My favorite, "...because then the Shuttle went from being a bad glider to really horrible glider when we put the wheels down." Such engaging insight. Thank you.

Aaron M.

Perhaps the most efficient solution to the "drivin' and cryin'" psychological challenges that could crop up on the way to Mars has already been solved very neatly in science fiction movies like Space Odyssey 2001, Aliens and Passengers: cryogenic (induced hibernation) sleep. But is it really possible and what will the unpleasant side effects be? Worst hangover ever for 3 weeks? As Gunny Highway says: "You improvise, adapt and overcome". A holodeck will be too big and bulky - unless we are starting the trip from spacedock as Kirk and the crew do with the Enterprise in the most recent incarnations of Star Trek. Forget Mars for a minute - who among us can't wait for sub-orbital global travel in hyper-sonic lifting bodies so that trip to Kowloon takes only 4 hours instead of the eye-bleeding 14?

Jim S.

I really like the holodeck idea for interplanetary craft. I never thought of that. I think the Mars journey will be much harder that people envision.

A fellow student

Does he make a mistake in Lesson 10 at 17+:?? when he describes the inadequacy of existing equipment discussing a trip to Mars but says the moon. Also not to be petty but he keeps referring to the earth as "the world" - which to me means the universe not this planet.

Jerry R.

Interesting, in that although life support systems are mentioned, nothing is said about solar radiation, and how it affects the human body. Neil Armstrong commented just a few years before he died that this was one of the main problems that would have to be overcome before going farther out into space.

David H.

At what distance from the sun is there a positive heat gain which requires dissipation of heat from the spacecraft? Is there any requirement to generate heat in the ISS?


So much incredible information. This class is a lot of fun. I love learning about new things and space was always on my list. It's fascinating how there's such a drive to keep learning more and the improvements made every time.

A fellow student

lecture mentions landing gear coming out at 300 feet altitude, yet the video shows it drop at 1000 feet. why was it dropped from so high?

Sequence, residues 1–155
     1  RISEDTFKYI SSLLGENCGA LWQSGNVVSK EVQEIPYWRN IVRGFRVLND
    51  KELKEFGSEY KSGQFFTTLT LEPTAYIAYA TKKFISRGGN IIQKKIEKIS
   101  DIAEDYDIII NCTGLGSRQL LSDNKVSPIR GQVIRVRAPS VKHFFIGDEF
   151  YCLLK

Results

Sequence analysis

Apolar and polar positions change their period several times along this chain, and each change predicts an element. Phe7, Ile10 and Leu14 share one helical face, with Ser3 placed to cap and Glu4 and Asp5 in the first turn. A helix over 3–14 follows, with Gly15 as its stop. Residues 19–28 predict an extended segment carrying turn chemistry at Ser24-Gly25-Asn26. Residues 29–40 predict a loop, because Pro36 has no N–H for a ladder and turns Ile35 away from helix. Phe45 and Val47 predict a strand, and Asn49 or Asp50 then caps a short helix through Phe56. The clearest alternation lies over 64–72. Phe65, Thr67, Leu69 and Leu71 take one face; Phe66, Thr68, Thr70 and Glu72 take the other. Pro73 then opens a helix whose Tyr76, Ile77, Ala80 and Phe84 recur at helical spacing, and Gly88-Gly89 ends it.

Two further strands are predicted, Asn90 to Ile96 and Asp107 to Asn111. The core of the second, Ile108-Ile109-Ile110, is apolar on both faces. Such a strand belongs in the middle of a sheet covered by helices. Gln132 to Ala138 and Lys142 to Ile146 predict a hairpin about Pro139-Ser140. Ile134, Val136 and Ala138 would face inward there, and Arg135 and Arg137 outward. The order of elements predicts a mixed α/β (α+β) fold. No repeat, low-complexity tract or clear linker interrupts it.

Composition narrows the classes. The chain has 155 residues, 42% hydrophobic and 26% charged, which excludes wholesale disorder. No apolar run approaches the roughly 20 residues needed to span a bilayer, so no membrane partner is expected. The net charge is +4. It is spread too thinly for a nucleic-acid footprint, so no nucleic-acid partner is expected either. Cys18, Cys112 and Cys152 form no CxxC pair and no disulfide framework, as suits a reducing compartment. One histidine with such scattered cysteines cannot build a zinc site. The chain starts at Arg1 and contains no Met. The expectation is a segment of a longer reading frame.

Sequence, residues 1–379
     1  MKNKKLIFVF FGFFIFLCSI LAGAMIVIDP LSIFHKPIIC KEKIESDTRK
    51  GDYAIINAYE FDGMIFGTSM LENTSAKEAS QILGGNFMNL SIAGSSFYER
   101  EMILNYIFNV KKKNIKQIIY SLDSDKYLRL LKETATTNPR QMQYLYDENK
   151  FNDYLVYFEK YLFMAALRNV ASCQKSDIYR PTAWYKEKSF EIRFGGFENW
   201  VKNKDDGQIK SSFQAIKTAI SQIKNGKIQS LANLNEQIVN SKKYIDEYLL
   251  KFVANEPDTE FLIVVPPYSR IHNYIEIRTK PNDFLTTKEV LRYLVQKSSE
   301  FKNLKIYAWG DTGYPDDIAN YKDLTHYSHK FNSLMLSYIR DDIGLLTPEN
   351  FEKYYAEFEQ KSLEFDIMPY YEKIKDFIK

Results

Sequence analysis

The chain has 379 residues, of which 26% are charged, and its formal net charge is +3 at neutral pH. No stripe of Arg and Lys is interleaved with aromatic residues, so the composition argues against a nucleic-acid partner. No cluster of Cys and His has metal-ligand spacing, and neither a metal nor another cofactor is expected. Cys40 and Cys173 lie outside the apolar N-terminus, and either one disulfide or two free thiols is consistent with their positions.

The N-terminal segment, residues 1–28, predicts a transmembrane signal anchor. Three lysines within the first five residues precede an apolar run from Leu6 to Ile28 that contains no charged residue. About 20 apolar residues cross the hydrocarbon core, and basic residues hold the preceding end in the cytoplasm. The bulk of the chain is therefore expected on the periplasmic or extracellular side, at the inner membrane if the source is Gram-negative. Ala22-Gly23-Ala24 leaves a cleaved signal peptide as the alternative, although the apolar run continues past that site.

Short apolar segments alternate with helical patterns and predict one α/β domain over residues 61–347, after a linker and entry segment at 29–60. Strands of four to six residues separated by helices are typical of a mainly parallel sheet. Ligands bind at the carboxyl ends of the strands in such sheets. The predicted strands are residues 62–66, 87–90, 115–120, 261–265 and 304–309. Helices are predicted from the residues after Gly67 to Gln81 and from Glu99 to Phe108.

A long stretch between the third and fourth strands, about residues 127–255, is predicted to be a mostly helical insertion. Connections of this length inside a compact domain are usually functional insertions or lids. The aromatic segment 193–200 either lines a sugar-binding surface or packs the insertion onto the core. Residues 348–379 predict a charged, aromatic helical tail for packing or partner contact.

After going to the moon, we thought let's try and make this reusable. Let's try and instead of making every single shot this enormous rocket that can only be used once, let's try and build a spaceship that's more like an airplane. And that was the genesis for the space shuttle. It's a very name, to shuttle us to space and back. It's obviously not a capsule. It has wings it has a tail. But it still has to solve the same problems coming back into the atmosphere. It's launched as a rocket. It's been in space for a few weeks, maybe docked to a space station or releasing the Hubble telescope or something. But now when it's time to come home, we basically have to solve the same problems as any previous spaceship, as any capsule. So the bottom of the space shuttle is covered with all of this thermal protection equipment-- thick heavy tile, but not something that burns off like on the capsules. In fact, this is a blown ceramic. It almost feels like that blue insulation that might be on the wall of your house. That if you poked it with your finger, you could actually stick your finger into the bottom of the shuttle. But these tiles were so thermally resistant that you could hold one end in your hand and have a blowtorch and the other end. One end of the tile could be glowing red hot, and it just would not transmit the heat through to your hand. Same on the bottom of the shuttle. The bottom could be glowing thousands of degrees, but just through to the aluminum skin just a few inches away would be protected from the heat. We had to steer the space shuttle all the way down. And you start into the atmosphere with your nose about 40 degrees high because, just as Max Faget had designed, we want to put our big flat belly into the atmosphere, so that we can spread the heat over as big an area as possible. And it's hard to fly a ship with its nose 40 degrees up. It takes some really careful computer control to be able to steer it as we're targeting coming back to land in Florida or in California, but at the same time, absorbing all of that heat and energy that the atmosphere is punishing us with. And us, here, looking out the windows-- same thing. This is steadily increasing yellow to orange to sort of a combination of red, yellow, and orange, all licking around the windows. You are riding a meteorite home, flying a meteorite back to the earth as you slow down from mach 25. We sort of call about 400,000 feet as the top of the atmosphere. We started flying the vehicle. As we got lower in the atmosphere, the air became slowly thicker and thicker. And so instead of just firing thrusters all around the shuttle to control which way it was pointing, we can start to use these big control surfaces on the back. The big elevons, and this great, big rudder started to take effect. That's why the rudder is so big, because we were going so fast, and we wanted to be able to steer through the atmosphere. We even had this big body flap on the bottom to be able ...